While it is a very brief action, the symbolism behind it is profound.
According to Nikolaus Gihr in the book The Holy Sacrifice of the Mass, the action of placing a small particle of the host into the chalice has roots in the Early Church and a custom that was meant to signify unity with the pope and local bishop.
Participation in the same Holy Sacrifice was regarded as a sign and pledge of ecclesiastical Communion; mutually to prove and maintain this, Popes and bishops sent to other bishops, or priests too, parts of Consecrated Hosts, which the recipients dropped into the chalice and consumed …This custom existed in Rome until about the ninth century. There the Pope on Sundays and feast-days sent to those priests who had charge of Divine service at the churches within the city, the Eucharist as a symbol of communion with the ecclesiastical Head, and as a sign that they were empowered to celebrate.
It was a visible and concrete reminder that they were united to the pope and bishops each time they celebrated the Mass.
Furthermore, another aspect of this ritual was to signify the unity of the celebration of Mass, which is a re-presentation of the one sacrifice of Jesus on the cross. Catholics believe that Jesus is not sacrificed again and again at each Mass, but that the Eucharist is a mystical participation in the one sacrifice that occurred on Mount Calvary.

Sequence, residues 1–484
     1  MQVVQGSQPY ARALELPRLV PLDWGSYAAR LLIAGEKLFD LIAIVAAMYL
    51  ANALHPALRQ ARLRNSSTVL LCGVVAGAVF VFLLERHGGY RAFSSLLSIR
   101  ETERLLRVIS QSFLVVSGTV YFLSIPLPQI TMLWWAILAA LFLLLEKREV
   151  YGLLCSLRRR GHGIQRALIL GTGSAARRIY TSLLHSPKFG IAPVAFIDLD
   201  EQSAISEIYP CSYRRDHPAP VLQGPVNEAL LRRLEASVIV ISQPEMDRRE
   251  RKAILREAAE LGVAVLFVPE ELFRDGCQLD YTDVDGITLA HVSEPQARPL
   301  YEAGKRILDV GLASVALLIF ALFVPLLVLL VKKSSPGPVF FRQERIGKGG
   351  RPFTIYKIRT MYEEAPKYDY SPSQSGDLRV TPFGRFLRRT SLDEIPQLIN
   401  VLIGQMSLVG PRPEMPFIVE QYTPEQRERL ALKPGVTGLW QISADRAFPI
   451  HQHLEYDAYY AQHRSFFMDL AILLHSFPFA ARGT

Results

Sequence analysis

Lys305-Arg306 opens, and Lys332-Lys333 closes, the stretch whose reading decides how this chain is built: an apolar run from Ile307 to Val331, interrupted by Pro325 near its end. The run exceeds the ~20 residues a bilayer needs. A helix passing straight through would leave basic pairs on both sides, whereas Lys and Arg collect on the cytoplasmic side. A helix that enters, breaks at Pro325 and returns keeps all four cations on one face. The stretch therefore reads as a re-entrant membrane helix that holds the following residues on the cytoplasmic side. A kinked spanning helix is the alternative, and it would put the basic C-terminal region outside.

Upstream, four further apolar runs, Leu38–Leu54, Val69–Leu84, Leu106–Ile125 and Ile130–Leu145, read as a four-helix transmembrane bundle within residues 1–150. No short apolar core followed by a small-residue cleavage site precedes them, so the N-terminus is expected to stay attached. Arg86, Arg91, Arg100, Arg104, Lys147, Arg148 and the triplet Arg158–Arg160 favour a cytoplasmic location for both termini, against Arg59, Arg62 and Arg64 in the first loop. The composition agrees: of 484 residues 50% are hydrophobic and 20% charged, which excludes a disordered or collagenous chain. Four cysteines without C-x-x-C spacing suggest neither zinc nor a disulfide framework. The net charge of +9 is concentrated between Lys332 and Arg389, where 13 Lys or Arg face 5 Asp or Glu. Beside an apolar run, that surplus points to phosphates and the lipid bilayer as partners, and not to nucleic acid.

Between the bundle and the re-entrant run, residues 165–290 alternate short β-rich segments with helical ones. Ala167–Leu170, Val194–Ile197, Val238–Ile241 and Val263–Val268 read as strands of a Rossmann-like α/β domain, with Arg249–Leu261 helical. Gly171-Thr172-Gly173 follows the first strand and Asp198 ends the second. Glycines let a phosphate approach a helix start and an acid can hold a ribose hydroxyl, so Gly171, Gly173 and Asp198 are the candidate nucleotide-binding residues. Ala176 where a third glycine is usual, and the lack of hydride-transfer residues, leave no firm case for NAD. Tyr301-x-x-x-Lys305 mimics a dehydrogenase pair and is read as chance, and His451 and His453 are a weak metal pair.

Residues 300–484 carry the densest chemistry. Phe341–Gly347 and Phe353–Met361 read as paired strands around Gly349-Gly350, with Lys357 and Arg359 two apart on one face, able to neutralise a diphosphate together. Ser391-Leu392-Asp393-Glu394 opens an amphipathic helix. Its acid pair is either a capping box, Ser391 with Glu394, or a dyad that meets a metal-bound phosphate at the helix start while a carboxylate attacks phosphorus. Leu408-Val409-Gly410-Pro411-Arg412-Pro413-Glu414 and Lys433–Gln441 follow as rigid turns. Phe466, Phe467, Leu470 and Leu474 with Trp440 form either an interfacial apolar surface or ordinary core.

Formerly the usage was somewhat different. As the Hosts were much larger, one of these three parts was subdivided into several particles and used differently, that is, distributed to those present, or sent to the absent, or put into the chalice at the next sacrificial celebration…A particle previously consecrated was preserved and united to the Precious Blood at the following Sacrifice, to represent, in all probability, the continual succession of the Sacrifice, as well as the unity of the last with the present celebration.
For this reason it is believed by historians that for a few centuries there were two particles in the chalice, one from the pope/bishop and another from a previous celebration.
The symbolism of this act also points to the unity of the body and blood of Jesus in the host, as both the host and consecrated wine contain the whole presence of Jesus, body, blood, soul and divinity.
It is a reminder that each action of the priest at Mass is rooted in nearly 2,000 years of history and tradition and is very deliberate, meant to teach us many profound spiritual truths.